Title

Better Solutions for Produced Water Management in California Oilfields

Poster Number

3a

Lead Author Affiliation

Ecological Engineering Research Program

Lead Author Status

Faculty

Second Author Affiliation

Civil Engineering

Third Author Affiliation

Civil Engineering

Third Author Status

Masters Student

Fourth Author Affiliation

Ecological Engineering Research Program

Fourth Author Status

Faculty

Introduction

Oil production is important in California, as California is the third most productive oil-producing state in the U.S. During oil production, a liquid waste stream—termed produced water—is generated that must be treated and/or disposed properly. Historically, produced water has been managed by injection into deep wells or by surface infiltration. Changing regulations and concerns over current disposal practices have prompted review of management methods. Additionally, water scarcity in oil-producing regions have made use of reclaimed produced water more appealing.

Purpose

Over the past several years our research group has been assessing the environmental hazards of produced water and potential treatment technologies. While we have addressed environmental hazards posed by well stimulation practices (e.g. hydraulic fracturing), our work covers many aspects of oil production. Our purpose in doing this work is to better understand the hazards posed by oil production and to guide regulatory efforts to collect and disseminate data. We are also motivated to find appropriate treatment technologies that can make oilfield water reclamation feasible.

Method

Our assessment of produced water has taken several forms. We are reviewing records on oil production practices to better understand industry water and chemical use and to better understand the pollutants present in produced water. We are collecting and evaluating field samples of produced water to confirm water quality and treatability. We use the field samples in laboratory tests to confirm the suitability of different treatment approaches. We also use water quality data collected from available data sets and from field studies in geochemical models to further assess treatability.

Results

Evaluation of existing data sets has included review of data from the online, industry-sponsored chemistry registry FracFocus. Regulatory disclosure data sets reviewed include those from the South Coast Air Quality Management District in Southern California and from the California Division of Oil, Gas, and Geothermal Resources. These evaluations have elucidated chemical and water use by the oil industry in California, and have identified data gaps. Collection of field samples and analysis of these samples in laboratory tests has revealed amenability to biological treatment, even under saline conditions. Acclimation of a lab-scale biological reactor to an appropriate feedstock (sodium benzoate) appears useful in achieving biotreatability. Geochemical modeling has shown that precipitation of scale-forming chemicals can be controlled to limit impacts on downstream treatment processes. Piper plots and stiff diagrams have proven useful in evaluating the ionic contents of produced water.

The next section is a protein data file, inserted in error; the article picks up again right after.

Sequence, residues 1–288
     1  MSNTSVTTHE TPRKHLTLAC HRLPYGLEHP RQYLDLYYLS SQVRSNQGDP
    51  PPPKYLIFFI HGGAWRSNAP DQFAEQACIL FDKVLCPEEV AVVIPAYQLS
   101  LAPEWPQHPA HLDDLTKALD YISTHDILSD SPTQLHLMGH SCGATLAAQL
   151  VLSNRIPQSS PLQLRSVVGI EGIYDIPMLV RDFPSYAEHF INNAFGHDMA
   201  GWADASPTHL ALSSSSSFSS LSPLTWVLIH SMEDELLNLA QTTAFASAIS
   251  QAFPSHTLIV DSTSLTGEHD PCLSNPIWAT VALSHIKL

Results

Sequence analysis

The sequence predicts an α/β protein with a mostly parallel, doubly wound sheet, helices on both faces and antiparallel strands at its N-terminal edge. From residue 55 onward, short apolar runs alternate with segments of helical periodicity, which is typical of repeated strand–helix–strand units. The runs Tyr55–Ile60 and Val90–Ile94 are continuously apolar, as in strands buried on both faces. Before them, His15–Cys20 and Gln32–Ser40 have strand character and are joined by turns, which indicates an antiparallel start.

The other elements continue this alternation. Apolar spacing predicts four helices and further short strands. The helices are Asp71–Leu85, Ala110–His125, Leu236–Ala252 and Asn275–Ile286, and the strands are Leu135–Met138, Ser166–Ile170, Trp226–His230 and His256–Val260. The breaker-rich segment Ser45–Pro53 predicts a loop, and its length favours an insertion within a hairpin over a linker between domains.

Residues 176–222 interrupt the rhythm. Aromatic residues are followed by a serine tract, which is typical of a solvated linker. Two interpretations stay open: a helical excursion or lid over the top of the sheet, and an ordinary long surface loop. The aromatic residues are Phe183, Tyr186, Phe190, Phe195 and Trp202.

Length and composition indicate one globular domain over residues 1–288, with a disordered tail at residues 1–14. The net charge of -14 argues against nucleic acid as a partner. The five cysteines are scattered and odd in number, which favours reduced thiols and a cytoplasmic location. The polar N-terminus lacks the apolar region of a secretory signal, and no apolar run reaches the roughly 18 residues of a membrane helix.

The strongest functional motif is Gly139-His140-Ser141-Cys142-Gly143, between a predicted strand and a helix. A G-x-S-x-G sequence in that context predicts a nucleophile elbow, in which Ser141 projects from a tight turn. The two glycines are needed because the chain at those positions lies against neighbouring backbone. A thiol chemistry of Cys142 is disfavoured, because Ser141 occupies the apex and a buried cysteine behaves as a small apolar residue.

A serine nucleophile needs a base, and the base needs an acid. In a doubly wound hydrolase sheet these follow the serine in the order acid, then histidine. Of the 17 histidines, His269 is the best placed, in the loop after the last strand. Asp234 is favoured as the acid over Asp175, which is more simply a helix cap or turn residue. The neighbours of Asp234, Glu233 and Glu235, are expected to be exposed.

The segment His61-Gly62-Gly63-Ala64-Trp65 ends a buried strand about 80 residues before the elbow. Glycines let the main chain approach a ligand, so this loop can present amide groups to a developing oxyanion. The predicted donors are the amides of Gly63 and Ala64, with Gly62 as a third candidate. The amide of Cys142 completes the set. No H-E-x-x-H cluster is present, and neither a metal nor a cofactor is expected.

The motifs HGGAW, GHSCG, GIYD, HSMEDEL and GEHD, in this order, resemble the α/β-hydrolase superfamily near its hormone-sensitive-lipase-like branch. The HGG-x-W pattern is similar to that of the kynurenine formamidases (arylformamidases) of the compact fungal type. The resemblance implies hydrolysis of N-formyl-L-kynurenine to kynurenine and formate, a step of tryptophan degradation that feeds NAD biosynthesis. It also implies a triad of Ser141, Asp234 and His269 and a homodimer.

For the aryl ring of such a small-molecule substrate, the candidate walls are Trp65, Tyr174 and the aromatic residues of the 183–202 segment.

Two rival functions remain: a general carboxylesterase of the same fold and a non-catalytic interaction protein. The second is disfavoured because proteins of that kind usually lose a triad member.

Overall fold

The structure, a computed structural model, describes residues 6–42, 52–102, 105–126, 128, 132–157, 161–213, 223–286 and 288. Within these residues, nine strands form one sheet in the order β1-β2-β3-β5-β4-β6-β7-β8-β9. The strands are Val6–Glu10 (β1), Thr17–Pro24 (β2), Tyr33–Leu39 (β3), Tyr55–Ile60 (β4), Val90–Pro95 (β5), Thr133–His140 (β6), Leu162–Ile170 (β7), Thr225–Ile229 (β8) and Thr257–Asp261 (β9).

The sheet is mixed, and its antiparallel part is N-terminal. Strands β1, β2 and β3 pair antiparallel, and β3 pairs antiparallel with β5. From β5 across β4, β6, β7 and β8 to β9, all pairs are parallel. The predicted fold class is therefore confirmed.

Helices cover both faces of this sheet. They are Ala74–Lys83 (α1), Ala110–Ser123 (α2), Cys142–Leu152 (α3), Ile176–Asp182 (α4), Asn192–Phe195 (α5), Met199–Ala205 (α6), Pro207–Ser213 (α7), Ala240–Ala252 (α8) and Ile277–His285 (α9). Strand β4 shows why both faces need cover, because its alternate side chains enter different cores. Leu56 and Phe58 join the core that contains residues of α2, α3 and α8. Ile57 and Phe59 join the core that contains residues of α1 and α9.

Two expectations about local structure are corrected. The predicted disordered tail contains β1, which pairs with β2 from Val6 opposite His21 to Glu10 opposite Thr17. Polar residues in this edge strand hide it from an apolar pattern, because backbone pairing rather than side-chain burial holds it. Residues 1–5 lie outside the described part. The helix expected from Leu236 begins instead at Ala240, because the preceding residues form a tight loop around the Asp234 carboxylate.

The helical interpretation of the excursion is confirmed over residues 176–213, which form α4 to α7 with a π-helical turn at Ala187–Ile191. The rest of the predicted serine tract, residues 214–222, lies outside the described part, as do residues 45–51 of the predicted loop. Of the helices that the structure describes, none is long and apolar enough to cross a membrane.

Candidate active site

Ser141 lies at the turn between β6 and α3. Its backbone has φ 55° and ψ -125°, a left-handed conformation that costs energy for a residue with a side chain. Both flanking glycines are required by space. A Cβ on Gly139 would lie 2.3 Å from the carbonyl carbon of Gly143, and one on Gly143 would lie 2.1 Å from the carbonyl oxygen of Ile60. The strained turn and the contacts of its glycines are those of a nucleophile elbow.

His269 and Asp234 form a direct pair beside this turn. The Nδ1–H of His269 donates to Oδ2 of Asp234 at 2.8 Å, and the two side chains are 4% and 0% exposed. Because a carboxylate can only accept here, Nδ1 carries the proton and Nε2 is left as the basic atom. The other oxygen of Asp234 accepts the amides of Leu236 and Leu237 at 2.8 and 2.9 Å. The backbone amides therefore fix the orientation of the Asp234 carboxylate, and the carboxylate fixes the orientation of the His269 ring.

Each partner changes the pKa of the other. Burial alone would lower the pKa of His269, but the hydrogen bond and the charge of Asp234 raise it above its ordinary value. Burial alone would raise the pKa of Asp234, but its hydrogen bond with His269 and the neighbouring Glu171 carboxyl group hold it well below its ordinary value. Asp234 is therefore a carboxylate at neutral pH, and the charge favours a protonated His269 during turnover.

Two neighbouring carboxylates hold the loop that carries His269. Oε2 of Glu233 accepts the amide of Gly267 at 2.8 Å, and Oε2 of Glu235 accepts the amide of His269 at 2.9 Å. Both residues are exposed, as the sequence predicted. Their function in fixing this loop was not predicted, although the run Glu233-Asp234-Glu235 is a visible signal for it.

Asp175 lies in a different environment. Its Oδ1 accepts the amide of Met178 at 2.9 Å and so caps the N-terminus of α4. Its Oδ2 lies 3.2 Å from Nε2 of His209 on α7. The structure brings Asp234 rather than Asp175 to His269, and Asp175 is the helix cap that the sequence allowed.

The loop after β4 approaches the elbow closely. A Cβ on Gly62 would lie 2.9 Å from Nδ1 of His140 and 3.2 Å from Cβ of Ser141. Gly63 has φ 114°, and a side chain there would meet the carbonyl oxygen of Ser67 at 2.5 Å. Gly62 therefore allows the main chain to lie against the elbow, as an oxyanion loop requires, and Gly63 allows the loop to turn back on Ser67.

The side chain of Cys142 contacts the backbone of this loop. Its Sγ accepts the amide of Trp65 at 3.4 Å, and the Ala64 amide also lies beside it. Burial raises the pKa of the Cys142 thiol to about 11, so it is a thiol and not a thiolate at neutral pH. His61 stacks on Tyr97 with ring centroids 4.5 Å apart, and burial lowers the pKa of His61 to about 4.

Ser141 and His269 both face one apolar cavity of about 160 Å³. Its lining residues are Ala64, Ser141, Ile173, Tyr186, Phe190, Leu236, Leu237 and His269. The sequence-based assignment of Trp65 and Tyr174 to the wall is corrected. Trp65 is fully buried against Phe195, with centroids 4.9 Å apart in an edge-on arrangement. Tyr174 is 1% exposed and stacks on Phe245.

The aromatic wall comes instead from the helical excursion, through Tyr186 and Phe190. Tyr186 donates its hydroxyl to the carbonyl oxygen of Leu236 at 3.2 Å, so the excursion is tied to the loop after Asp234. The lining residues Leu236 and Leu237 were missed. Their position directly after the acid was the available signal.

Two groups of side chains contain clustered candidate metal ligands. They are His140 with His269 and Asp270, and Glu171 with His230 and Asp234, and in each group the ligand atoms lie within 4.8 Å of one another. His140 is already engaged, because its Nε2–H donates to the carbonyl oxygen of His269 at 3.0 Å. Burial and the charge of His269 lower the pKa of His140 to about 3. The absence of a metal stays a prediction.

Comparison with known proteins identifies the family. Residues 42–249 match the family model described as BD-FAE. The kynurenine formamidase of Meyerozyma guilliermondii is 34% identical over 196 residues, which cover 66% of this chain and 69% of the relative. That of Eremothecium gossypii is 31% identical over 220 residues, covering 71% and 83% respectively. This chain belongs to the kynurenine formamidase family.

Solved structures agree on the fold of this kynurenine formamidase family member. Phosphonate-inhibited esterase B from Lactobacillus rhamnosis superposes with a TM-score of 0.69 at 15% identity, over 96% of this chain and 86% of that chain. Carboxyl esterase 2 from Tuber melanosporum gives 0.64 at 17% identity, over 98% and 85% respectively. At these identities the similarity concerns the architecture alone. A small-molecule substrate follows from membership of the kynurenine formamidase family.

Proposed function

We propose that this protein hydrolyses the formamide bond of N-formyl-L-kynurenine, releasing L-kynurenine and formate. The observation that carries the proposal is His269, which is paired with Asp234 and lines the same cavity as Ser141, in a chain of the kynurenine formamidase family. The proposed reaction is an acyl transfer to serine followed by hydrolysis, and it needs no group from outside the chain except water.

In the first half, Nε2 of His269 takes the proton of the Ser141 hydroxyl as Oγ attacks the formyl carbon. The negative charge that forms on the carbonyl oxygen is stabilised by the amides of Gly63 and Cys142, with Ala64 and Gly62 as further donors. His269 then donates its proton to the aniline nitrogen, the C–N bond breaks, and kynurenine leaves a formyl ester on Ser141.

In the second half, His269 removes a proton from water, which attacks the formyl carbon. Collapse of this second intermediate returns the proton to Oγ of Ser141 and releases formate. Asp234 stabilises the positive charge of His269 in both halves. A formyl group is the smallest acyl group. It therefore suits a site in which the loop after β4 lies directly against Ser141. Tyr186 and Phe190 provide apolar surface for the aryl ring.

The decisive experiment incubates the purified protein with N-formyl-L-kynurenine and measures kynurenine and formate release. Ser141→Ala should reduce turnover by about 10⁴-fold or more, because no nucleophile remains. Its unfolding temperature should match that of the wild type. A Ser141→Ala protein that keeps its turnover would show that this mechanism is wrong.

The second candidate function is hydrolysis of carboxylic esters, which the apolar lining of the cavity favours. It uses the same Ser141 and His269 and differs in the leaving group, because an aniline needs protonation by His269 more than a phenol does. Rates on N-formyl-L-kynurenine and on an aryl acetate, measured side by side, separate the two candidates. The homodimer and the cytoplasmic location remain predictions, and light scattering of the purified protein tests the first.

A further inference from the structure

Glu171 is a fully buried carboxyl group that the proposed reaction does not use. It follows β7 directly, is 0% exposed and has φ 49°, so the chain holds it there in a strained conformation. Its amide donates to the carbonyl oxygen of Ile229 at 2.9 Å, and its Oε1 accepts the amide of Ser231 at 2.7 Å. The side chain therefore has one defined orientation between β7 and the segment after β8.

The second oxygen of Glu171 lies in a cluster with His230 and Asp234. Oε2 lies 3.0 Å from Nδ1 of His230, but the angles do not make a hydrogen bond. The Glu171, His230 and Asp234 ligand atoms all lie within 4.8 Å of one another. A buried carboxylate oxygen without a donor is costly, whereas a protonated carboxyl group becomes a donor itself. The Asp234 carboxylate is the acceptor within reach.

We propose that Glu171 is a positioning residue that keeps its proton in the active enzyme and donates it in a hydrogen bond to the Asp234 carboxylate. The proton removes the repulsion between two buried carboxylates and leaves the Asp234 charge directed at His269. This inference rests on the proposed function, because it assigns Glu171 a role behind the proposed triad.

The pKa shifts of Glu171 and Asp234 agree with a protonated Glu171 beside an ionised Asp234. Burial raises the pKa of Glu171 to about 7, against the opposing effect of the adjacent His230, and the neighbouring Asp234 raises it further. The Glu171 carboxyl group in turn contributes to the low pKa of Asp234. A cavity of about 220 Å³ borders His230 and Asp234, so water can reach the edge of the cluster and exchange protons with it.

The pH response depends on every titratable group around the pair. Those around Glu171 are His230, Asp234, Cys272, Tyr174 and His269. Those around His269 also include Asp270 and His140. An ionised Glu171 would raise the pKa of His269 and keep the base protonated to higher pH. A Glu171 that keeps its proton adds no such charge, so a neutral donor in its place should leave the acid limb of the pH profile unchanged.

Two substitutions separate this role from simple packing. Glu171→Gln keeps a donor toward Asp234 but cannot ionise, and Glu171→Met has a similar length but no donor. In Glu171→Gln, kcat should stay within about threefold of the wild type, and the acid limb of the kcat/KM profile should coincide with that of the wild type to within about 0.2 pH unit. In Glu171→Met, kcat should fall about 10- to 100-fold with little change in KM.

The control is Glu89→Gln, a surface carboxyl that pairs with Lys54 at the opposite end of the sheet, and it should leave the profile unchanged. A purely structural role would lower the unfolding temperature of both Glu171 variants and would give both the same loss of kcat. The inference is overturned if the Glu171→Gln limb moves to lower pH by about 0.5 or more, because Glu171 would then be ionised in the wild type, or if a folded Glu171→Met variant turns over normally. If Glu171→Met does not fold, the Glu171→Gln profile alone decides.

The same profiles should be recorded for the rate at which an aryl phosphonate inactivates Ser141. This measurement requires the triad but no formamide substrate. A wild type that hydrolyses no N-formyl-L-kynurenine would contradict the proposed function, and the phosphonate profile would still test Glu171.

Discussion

Significance

The work that our research group has done provides clarity on water and chemical use in oil production in California. We have evaluated data sets that are now available as the result of new disclosure requirements. Our participation in field data collection has clarified oilfield practices and our laboratory tests highlight feasible treatment approaches for produced water. Additionally, our efforts to integrate geochemical modeling into treatment assessment are beneficial for better identifying feasible treatment approaches. Our goal is to continue assessing oilfield chemicals to better understand the fate and transport of these chemicals in treatment systems and in downstream water reclamation projects.

Location

DeRosa University Center

Format

Poster Presentation

Poster Session

Morning 10am-12pm

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Apr 28th, 10:00 AM Apr 28th, 12:00 PM

Better Solutions for Produced Water Management in California Oilfields

DeRosa University Center

Oil production is important in California, as California is the third most productive oil-producing state in the U.S. During oil production, a liquid waste stream—termed produced water—is generated that must be treated and/or disposed properly. Historically, produced water has been managed by injection into deep wells or by surface infiltration. Changing regulations and concerns over current disposal practices have prompted review of management methods. Additionally, water scarcity in oil-producing regions have made use of reclaimed produced water more appealing.